Juliette Brun, 36, began Montréal-based Juliette & Chocolat in 2003. The company operates eight restaurants featuring dessert, and a chocolate laboratory dedicated to experimentation and handmade offerings.
I came to Montreal in 1998 from Brazil on a student visa. My parents lived in Syria. My sister lived in Montreal and I liked that Quebec was francophone and anglophone, the best of two worlds. I don’t speak Portuguese any more. I finished my Bachelor of Commerce at McGill University, always very keen on numbers, loved and comfortable with numbers. But I love cooking, I love anything food-related. I thought after my career, I’d have a restaurant – my house up top – meet people and cook. It wouldn’t be for money because I’d have retirement pay.
After graduating was the best time to start a business. My husband and I were dating and I could give my energy to a business. We didn’t have a house. We didn’t have kids. We had no restrictions. Coffee-shop businesses were popping up everywhere. Coffee’s great, but in Montreal, it’s so cold you want something comforting. I thought a coffee-shop concept with chocolate a good combination. Restaurants can be tough. It’s all the time, holidays, nights, days and weekends. It’s all the time. In packaging and branding, I knew what I wanted. My husband had been in graphic design. He said if he didn’t stop what he was doing and work with me we’d be completely disconnected; we needed to work together.
We have maybe 300 staff. I ask, “Do you have ideas? Go! Try different things and discover.” I usually start with an idea, then we find a way to make it work. Teamwork and getting everybody stimulated by a product is more fun when you’re participating and creating. My advice is to focus. You have a tendency when you run your own business to be enthusiastic and want to do everything yourself. Focus on what you’re best at, then delegate. Every time there’s a new menu coming out, I’m in charge.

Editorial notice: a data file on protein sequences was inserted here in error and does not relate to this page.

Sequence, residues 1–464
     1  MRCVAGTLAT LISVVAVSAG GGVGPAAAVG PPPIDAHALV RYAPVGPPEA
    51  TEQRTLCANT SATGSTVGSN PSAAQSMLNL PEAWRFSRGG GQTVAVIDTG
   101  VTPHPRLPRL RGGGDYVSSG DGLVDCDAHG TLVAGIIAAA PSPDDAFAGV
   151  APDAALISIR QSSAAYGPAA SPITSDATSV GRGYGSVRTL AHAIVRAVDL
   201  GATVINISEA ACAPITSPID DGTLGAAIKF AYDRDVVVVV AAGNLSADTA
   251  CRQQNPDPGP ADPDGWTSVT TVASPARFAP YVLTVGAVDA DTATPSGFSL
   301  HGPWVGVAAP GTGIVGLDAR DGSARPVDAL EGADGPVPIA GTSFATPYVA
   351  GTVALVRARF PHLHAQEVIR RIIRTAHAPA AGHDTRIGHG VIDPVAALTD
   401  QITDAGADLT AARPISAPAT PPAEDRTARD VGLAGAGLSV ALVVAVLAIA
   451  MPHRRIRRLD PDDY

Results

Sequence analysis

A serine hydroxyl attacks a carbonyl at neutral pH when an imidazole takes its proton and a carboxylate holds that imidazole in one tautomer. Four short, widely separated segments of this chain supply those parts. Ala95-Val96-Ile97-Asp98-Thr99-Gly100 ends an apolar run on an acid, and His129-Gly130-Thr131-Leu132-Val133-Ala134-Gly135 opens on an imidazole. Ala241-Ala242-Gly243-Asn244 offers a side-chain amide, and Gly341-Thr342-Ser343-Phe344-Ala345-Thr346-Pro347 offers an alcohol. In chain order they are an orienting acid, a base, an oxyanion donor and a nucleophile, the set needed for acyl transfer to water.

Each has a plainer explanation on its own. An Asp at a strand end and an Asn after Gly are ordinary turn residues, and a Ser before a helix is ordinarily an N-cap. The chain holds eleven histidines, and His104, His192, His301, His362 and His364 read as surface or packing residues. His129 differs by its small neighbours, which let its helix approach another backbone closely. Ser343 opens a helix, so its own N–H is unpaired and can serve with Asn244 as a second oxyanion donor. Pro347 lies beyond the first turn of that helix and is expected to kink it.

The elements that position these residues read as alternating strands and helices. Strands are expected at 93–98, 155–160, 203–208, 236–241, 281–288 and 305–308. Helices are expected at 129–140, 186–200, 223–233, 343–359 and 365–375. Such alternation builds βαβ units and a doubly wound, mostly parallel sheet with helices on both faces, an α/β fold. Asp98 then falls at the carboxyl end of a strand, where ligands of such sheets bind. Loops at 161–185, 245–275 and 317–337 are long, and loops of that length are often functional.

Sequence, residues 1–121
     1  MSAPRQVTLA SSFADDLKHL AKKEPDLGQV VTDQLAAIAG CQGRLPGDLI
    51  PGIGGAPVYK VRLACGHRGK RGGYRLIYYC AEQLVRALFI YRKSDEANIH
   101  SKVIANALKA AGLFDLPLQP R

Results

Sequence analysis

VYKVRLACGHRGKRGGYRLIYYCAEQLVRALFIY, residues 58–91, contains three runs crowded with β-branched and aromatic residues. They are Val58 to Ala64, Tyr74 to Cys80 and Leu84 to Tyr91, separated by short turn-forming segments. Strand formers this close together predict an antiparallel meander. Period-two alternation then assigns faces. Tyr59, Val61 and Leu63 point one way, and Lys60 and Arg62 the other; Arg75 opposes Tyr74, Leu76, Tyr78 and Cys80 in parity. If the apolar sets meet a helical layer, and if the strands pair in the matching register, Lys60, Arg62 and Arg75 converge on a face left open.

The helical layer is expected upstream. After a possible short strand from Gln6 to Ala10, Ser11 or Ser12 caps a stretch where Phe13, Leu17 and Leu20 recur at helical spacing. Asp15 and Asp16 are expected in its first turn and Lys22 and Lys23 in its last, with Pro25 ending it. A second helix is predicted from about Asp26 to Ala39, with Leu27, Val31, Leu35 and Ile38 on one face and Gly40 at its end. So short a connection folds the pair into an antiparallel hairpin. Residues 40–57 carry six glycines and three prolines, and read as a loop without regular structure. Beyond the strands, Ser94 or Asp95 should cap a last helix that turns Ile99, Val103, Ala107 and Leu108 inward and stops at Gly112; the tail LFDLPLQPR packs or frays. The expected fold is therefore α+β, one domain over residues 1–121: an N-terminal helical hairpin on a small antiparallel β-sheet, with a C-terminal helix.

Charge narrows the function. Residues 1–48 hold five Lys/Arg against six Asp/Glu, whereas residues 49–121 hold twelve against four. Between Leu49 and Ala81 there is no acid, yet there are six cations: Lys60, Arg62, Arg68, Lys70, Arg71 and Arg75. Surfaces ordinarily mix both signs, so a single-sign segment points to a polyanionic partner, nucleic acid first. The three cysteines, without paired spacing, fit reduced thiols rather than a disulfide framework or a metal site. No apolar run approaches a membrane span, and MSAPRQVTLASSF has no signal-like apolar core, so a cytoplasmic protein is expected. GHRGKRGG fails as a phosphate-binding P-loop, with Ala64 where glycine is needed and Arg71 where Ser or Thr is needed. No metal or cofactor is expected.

We work with different chocolate companies, last year buying 33 tonnes. Suppliers tell me, “I’ll give you a super price,” but I don’t want to be committed to one. I want to be able to discover different kinds of chocolate. If I was bound to one, I wouldn’t be able to buy from somebody else. We have chocolate from many countries: Asia, South America, Africa.
You want something special when you’re eating. When we started, 75 per cent of people asked for milk chocolate. Now it’s about 50/50 and people are trying different dark chocolates. There’s a world of a difference between chocolate from Madagascar and Peru. It’s like wine. You discover a whole set of tastes. I try to be first in a trend … make it our own because you don’t want to be like everyone else. Why would customers come to us if they can get it everywhere else? For our dark-chocolate balsamic-vinegar dressing, if customers don’t like it we’ll bring a new salad.
We use real ingredients, like in my raspberry and my passion-fruit chocolates. When you order lemon meringue pie, you don’t expect it to be super sweet, you want to taste real lemon, tartness and sweetness at the same time. Sometimes, a real ingredient is not strong enough, you need to add a natural essence, like blueberries – they’re overpowered by chocolate.
Everything is homemade. It’s labour-intensive and how we run the restaurants. For example, we make marshmallows. It’s a lot of work, but I want people to bite into my marshmallows and go “oh, wow, it’s like biting into a fluffy cloud.” We mix brownies by hand and cut them by hand. Things are done by hand because we want to keep the quality. We package online and corporate orders like gifts. Even if it’s for you, it’s like Christmas; half the fun is unwrapping presents to see what’s inside. For me, every day needs to be fun. I tell my team, I tell my kids: “Make every day special.”
I eat chocolate every day. I love my cocktail chocolates. I have five kids and didn’t drink for five years. You need energy when you’re pregnant.
If I’m not eating chocolate, I’ll eat anything with nuts. When I’m invited to dinner, my friends are … “Juliette could you, hmmm … bring dessert?”
As told to Cynthia Martin. This interview has been edited and condensed.Report Typo/Error
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